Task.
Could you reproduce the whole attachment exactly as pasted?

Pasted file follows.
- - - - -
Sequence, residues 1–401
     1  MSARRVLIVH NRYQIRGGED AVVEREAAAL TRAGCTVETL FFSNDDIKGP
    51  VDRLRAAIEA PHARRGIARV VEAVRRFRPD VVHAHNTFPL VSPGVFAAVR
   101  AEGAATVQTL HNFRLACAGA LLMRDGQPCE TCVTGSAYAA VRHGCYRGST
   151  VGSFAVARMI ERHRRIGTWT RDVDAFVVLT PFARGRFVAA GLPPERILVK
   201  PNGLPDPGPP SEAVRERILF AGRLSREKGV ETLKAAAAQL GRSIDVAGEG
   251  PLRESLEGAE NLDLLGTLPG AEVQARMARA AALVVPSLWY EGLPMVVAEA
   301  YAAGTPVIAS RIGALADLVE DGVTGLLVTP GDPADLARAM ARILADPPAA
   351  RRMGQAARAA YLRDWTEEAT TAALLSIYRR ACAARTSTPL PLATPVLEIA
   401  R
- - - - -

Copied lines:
Sequence, residues 1–401
     1  MSARRVLIVH NRYQIRGGED AVVEREAAAL TRAGCTVETL FFSNDDIKGP
    51  VDRLRAAIEA PHARRGIARV VEAVRRFRPD VVHAHNTFPL VSPGVFAAVR
   101  AEGAATVQTL HNFRLACAGA LLMRDGQPCE TCVTGSAYAA VRHGCYRGST
   151  VGSFAVARMI ERHRRIGTWT RDVDAFVVLT PFARGRFVAA GLPPERILVK
   201  PNGLPDPGPP SEAVRERILF AGRLSREKGV ETLKAAAAQL GRSIDVAGEG
   251  PLRESLEGAE NLDLLGTLPG AEVQARMARA AALVVPSLWY EGLPMVVAEA
   301  YAAGTPVIAS RIGALADLVE DGVTGLLVTP GDPADLARAM ARILADPPAA
   351  RRMGQAARAA YLRDWTEEAT TAALLSIYRR ACAARTSTPL PLATPVLEIA
   401  R